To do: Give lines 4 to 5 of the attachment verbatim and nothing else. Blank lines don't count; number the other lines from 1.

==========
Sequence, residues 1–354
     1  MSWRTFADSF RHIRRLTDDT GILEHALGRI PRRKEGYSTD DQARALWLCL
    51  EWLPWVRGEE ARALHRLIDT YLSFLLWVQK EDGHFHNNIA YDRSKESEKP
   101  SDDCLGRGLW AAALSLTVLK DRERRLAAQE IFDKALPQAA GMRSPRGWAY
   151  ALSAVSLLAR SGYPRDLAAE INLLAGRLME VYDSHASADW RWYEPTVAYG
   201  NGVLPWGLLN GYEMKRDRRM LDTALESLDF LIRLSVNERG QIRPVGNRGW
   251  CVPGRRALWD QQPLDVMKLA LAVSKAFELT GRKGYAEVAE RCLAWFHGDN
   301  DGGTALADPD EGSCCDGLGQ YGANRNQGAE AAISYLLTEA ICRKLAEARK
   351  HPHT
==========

   101  SDDCLGRGLW AAALSLTVLK DRERRLAAQE IFDKALPQAA GMRSPRGWAY
   151  ALSAVSLLAR SGYPRDLAAE INLLAGRLME VYDSHASADW RWYEPTVAYG